Fashion is plagued by fake news and fake posts

Fake news, a term made popular by the Trump administration and a favourite retort from politicians who are no strangers to being either the subject or propagators of misinformation, has firmly landed in the fashion sphere.

An article published in the New York Times on 19 December called out the sensationalist and fabricated headlines of the fashion industry’s responsibility of being the second most polluting industry in the world. There isn’t, it transpires, a single credible source that can scientifically identify the fashion industry as the number two as the most environmentally damaging.

That isn't to say that fashion brands and manufacturers are exonerated from cleaning up their act. Rather, it means the reader should be conscious of sourcing alternative facts. Or at least taking dubious headlines with a pinch of salt.

In another story, influencers have been caught out posting fake sponsored content on their Instagram feeds. In a bid to boost credibility, influencers are styling their images in a bid to make it seem fashion and lifestyle brands have sponsored the image, as the more sponsorship deals one has, the higher the social status and more likely the influencer will score other partnerships.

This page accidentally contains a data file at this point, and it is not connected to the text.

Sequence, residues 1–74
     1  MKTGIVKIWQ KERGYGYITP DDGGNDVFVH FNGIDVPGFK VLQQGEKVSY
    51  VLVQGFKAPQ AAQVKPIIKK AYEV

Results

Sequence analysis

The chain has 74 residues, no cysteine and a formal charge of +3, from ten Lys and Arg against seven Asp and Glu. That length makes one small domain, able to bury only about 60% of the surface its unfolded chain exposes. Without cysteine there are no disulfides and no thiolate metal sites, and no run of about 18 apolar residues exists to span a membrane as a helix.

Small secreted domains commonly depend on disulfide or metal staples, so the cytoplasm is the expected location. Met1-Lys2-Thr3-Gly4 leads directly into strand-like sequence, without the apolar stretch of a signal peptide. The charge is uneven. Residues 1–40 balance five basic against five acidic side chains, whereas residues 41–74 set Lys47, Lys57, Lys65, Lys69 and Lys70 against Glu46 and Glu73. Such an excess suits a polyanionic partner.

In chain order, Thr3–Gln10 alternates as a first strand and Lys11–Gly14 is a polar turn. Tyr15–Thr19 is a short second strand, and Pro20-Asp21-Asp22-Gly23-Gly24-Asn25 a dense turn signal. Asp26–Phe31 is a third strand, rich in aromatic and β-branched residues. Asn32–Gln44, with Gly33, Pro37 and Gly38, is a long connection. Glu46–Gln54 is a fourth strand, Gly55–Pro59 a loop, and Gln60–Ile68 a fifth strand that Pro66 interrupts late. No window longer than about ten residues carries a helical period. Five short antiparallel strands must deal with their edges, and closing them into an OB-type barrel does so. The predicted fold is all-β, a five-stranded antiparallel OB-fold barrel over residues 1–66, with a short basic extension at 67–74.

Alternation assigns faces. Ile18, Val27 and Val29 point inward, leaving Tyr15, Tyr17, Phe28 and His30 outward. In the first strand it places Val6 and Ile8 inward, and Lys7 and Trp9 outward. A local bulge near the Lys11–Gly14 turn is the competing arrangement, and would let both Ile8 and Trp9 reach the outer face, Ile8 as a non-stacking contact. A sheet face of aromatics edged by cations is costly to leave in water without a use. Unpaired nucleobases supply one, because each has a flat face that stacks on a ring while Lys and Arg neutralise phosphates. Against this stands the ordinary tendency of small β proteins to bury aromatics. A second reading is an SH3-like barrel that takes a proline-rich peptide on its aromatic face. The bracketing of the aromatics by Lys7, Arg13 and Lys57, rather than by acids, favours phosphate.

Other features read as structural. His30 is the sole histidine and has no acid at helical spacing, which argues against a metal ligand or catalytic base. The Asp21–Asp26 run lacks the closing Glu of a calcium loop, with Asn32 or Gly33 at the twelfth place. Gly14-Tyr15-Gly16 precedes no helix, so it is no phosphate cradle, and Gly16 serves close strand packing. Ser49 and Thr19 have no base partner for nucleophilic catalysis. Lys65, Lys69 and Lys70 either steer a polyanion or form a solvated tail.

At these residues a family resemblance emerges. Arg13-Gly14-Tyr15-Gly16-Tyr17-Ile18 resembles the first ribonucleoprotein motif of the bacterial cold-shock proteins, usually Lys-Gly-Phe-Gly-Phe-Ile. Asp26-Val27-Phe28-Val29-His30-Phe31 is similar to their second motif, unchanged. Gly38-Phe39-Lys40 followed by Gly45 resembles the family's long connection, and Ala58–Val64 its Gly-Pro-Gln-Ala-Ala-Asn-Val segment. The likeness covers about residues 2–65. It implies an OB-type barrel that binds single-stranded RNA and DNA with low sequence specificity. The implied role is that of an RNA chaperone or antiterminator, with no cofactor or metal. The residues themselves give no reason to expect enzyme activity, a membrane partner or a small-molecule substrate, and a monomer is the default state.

“Fashion influencers tag the brands they’re using in photos, whether the clothes were purchased, given to them for free, or are part of an ad campaign. Lifestyle blogging is all about seamlessly monetizing your good taste and consumer choices, which means it can be near-impossible for laypeople to tell if an influencer genuinely loves a product, is being paid to talk about it, or just wants to be paid to talk about it,” said Taylor Lorenz of The Atlantic.

Influencer marketing is one of the fastest growing channels in advertising, with a record billion dollars spent on Instagram influencer advertising in 2017. With brand dollars pouring into social media influencers, whether established or aspiring, are vying for brand sponsorship deals, notes Adweek.

Users promoting brands without a brand’s knowledge

The crux is that some Instagram users are posting content to promote brands without the actual involvement of those brands. The notoriety from appearing to be sponsored is in their eyes a draw to secure real sponsorships.

While it is not always obvious if a post is fake or sponsored, the absence of a promo code is usually a giveaway, as is the hashtag ad.

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Artcile photo credit: Topshop SS18 campaign, source Topshop

 

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